8 March 2020

Dear Sirs

Brenda_and_Jodi

“Dear Sirs,”

It has now been 101 years since woman have been permitted to study law in the UK and on this International Women’s Day I want to celebrate all those female law students and lawyers that came before me.

We have come a long way in the last century and the number of woman in the profession is ever growing. In 2015, the Law Society of Scotland reported that 51% of solicitors were female with the percentage due to increase year on year. This figure, in isolation, is of course promising but what is the impact in practice?

Certainly, within Road Traffic Accident Law Scotland, 61% of our staff are female and unlike the legal landscape more generally, our founding Partner is a woman. Despite this, on a daily basis we all receive correspondence by email and letters addressed to “Dear Sirs." These are mainly received from insurance companies and other firms of solicitors.

The generalisation and, quite frankly, archaic term is frustrating enough in a letter. There is either an assumption that the recipient must be male or a ‘style’ letter that some feel cannot be deviated from despite the year being 2020! What is more annoying, however, is the email is usually addressed to a single recipient that is still headed up, not only with the male pronoun but remains in the plural!

In 2016, Freshfields was the first ‘magic circle’ firm to announce they would cease to use the phrase “Dear Sirs” in all correspondence and replace it with “Dear Sir or Madam.” This development made the news and the response from other firms was simply that “Dear Sirs” was an “accepted standard!” This is simply not good enough.

It was only last month that the American firm, Quinn Emanuel, confirmed they would be following Freshfields lead but quite how it has taken four years to reach that decision is rather baffling.

In an ever evolving world where people are no longer defined by their gender, the legal world needs to catch up. It can no longer be acceptable to have a ‘one size fits all’ when it comes to addressing people in the profession.

This is not limited to gender alone; I know my male colleagues are equally frustrated when they receive emails addressed to them solely but still referring to them in the plural. Professional courtesy can extend to addressing someone by name. In fact, I believe if we wish to modernise the profession and make it more welcoming and approachable, then it should very much be encouraged.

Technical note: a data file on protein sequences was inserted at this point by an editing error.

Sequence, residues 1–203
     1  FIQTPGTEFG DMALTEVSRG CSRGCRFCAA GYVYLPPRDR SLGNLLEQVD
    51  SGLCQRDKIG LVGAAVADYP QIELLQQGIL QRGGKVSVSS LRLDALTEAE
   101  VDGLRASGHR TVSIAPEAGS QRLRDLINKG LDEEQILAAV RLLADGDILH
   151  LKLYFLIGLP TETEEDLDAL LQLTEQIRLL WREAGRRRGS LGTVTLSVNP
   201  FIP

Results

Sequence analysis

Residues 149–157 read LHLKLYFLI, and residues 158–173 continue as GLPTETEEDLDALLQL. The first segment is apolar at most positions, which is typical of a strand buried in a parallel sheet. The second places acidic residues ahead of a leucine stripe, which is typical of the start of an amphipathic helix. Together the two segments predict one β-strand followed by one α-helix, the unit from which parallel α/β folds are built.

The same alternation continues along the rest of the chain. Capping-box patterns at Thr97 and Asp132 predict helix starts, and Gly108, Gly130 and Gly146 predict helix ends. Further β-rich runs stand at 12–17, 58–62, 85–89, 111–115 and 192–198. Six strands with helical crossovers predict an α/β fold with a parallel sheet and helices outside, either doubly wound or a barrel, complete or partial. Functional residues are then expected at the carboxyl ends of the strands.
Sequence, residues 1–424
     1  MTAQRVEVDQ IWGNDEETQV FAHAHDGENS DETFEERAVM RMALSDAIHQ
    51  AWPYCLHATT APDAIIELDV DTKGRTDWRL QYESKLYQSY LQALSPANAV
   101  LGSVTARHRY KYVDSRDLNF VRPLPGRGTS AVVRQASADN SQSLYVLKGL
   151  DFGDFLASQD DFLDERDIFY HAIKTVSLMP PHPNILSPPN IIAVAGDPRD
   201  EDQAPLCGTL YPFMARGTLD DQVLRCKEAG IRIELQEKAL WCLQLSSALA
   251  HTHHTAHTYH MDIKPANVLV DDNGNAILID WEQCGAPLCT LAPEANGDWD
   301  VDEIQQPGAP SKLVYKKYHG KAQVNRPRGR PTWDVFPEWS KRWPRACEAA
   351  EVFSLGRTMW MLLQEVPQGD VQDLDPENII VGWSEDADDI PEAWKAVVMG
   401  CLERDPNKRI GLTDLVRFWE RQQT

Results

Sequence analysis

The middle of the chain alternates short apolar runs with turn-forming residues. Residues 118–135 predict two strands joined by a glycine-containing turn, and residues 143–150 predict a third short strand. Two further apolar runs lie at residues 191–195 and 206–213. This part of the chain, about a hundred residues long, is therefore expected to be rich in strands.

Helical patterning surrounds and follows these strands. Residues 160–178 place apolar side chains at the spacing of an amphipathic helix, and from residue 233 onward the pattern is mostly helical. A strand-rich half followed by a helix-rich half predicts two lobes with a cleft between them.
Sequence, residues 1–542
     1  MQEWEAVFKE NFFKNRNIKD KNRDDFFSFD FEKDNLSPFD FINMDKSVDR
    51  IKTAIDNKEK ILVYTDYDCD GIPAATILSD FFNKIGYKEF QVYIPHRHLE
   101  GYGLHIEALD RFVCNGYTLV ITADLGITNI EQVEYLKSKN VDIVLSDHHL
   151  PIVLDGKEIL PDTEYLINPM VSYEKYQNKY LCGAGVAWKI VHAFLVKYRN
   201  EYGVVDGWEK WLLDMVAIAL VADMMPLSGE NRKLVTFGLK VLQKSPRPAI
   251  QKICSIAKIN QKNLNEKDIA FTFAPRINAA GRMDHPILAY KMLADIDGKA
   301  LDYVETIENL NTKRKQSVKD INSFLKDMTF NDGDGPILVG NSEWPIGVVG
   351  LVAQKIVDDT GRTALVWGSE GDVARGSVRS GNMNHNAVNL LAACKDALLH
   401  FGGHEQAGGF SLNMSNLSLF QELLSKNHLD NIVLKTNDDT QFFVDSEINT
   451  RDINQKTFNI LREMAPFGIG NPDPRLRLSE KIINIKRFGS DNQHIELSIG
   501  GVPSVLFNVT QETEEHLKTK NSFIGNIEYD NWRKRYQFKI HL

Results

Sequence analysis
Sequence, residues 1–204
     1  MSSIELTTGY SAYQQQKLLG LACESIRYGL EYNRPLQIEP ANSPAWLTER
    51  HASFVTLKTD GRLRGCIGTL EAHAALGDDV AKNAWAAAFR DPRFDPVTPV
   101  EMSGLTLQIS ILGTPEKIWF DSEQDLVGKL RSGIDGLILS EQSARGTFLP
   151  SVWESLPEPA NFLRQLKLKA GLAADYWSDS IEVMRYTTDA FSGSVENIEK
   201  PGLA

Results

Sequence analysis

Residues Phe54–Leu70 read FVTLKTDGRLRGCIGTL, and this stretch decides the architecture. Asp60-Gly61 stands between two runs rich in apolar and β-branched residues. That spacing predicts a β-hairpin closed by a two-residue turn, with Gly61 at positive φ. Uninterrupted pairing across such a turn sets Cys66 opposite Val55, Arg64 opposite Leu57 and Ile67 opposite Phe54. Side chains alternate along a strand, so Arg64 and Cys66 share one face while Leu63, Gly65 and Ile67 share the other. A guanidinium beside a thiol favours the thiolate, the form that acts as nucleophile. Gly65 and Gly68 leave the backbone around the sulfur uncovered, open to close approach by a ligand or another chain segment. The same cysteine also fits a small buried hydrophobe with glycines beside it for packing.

This year we welcome the 53rd International Women’s Day. With the use of male pronouns still being common practice, I can only hope that the push towards change gathers further momentum so that we do not have to wait a further 53 years to see a shift in what is deemed to be the accepted standard!

Jodi Gordon - Partner

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We like to meet all our clients and sometimes their families personally, so we get to know them well. 

We're passionate about providing the best possible service for our clients and our prime focus is to get them fit again and back on their bikes.

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CORRESPONDENCE ADDRESS

All correspondence should be addressed or delivered to:
Road Traffic Accident Law (Scotland) LLP
16-20 Castle Street,

Edinburgh,

EH2 3AT

If you have been involved in a road traffic collision, you can contact us below at an address nearest to you or if you prefer to use our online enquiry form just give your name and number and one of our specialist lawyers will contact you.

 

 
 

83 Princes Street,
Edinburgh,
EH2 2ER

 

Edinburgh

1 West Regent Street,
Glasgow
G2 1RW

 

 Glasgow

Spaces,
One Marischal Square,
Broad Street,
Aberdeen, AB10 1BL

Aberdeen

5 Cherry Court,
Cavalry Park,
Peebles, EH45 9BU

 

Peebles